If you work in or own a business that serves industries such as construction, aviation, battery manufacturing, chemicals, cosmetics, food production, and paints, inks, and coatings, you’ve probably heard of the concepts we’ll discuss in this post. 

Mixing, dispersion, and milling are three of the most used techniques in modern industry. With their unique features, each of these methods is vital to the large scale manufacturing of products across a wide array of industries, sectors, and product niches. But what exactly are they, and what are the differences between them? 

While these three concepts are often mistaken for each other due to their similarities, there are notable differences between them. In this piece, we’ll look closely at the definitions of mixing, dispersing, and milling, and discuss the similarities and differences between them. 


By definition, mixing involves the systematic creation of a single material by intermingling two or more different individual ingredients or particles. These ingredients are usually fed into a rotating impeller through its trailing edge.

With mixing, material flow throughout the vessel is dependent on the type and size of the particles as well as (more importantly), the rotating speed of the impeller.

While mixing (sometimes also called blending) and dispersion are generally very similar in that they both involve the intermingling of particles, mixing employs a “flow-driven” process to achieve results. Here, two or more liquids are melded, and an applicable soluble solid can be dissolved. Therefore, many of the machines used in the mixing process can also be applied to dispersion. The size of the impeller and the mixing speed required will depend on various properties of the ingredients, such as their viscosity. 


A dispersion is a mixture in which particulates of one material are distributed in a continuous phase of another. 

Sound complicated? In much simpler terms, the goal of dispersion is to mix solids with liquids or liquids with other liquids. The finished material must possess very fine particles, with the goal of achieving an even particle spread within the liquid. With dispersion, the machine takes particles and breaks them down to de-agglomerate them and create a homogeneous material mixture. If these particles were to remain agglomerated (grouped together), their total surface area would be inaccessible by the liquid solution. As such, dispersion breaks them down, further exposing their surface area. This process is called: wetting.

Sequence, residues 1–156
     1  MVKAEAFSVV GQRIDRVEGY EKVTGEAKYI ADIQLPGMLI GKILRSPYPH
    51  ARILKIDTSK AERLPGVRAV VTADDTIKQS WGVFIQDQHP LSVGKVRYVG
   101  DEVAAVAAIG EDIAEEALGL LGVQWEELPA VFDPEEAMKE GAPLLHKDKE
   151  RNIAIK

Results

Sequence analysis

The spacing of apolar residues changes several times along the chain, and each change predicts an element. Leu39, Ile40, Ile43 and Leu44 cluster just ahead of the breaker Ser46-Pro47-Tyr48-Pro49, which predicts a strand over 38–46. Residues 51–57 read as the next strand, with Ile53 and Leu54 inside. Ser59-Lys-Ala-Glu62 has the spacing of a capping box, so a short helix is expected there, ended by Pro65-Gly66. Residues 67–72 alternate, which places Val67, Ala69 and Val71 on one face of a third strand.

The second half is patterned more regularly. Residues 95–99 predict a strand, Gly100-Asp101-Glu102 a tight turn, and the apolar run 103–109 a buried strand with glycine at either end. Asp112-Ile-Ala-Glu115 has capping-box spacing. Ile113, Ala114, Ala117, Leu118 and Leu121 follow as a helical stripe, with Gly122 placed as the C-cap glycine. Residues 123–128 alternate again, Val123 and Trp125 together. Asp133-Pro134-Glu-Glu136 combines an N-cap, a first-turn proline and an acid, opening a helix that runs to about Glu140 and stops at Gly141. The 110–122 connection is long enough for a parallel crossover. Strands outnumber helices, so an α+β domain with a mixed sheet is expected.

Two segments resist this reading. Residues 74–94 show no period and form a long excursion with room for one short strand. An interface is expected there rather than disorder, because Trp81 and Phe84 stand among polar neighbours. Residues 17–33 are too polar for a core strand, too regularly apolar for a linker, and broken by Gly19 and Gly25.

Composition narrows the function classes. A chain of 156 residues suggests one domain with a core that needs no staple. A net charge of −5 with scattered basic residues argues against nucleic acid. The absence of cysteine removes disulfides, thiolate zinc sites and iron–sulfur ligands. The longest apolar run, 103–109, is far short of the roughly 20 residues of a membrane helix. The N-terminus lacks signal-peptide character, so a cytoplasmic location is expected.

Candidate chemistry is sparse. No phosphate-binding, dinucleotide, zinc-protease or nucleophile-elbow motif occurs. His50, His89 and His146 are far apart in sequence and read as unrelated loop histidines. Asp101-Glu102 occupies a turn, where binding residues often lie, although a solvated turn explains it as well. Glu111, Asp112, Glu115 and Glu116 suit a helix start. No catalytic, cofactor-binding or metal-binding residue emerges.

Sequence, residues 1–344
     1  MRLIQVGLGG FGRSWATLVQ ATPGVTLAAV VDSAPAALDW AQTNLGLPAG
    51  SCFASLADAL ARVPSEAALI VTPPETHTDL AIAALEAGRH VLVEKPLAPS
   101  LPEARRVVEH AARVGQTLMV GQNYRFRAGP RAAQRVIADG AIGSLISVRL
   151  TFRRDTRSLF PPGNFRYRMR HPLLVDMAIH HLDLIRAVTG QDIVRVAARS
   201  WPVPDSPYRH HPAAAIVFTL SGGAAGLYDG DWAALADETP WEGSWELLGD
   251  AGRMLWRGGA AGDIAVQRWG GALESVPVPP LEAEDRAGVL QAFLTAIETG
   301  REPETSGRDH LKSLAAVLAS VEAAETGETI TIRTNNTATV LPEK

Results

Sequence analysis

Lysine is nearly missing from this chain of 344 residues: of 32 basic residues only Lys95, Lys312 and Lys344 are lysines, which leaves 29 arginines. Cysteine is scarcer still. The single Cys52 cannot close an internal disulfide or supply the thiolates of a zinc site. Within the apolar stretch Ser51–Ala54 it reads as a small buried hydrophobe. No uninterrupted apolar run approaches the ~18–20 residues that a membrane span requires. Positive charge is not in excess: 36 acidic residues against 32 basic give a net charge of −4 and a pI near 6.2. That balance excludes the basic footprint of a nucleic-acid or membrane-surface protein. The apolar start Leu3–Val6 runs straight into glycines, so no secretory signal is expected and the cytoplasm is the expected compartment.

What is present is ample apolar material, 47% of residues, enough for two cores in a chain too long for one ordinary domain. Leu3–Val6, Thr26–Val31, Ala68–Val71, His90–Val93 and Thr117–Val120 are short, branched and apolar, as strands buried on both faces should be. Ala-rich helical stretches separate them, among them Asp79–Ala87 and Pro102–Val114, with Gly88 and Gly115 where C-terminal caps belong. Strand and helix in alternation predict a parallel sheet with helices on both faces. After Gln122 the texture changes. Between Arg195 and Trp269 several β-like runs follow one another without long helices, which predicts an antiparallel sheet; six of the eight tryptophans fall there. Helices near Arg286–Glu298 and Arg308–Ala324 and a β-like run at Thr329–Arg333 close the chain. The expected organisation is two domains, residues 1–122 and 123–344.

While mixing is flow-driven, dispersion is a shear-driven process. Here, the impeller edge creates the action required to disperse the particles along the soluble spectrum. This process is usually performed at high speeds and requires more energy than conventional mixing methods. 

Aside from the obvious manufacture of paints, processes such as combining lighter base liquids, oils, waxes, and dry ingredients in the production of creams, lotions, and other cosmetics also fall within the purview of dispersion.

Some examples of dispersion equipment include rotor stators and high shear lab mixers.


The milling process is different from both mixing and dispersion. It goes a step further: particle size reduction. A pre-dispersed mixture that requires further particle size reduction is then transferred to a mill for processing. The mill components “attack” the particles using various mechanical forces: media, pegs, and screens, to achieve the particle breakdown. This process helps maximize the yield of the ingredients and, in many instances, the functionality of the product. In the case of coatings and inks, it helps with color development, film properties, and product flow. 

Depending on the ideal final particle size, the mill can be adapted and the environment temperature controlled to achieve the desired results. There are many types of mills in the market, and the selection process can be daunting. There are key factors to investigate through the trial process, and equipment suppliers often offer trial services to ensure the proper match between equipment and application are met. 


As we discussed at the beginning of this post, the processes of mixing, dispersing, and milling are similar in many ways and are, therefore, often mistaken for one another. By understanding the similarities as well as the (sometimes nuanced) differences between these three, you will be able to figure out what process is required for your specific product application.

A Hockmeyer employee reviewing testing results.

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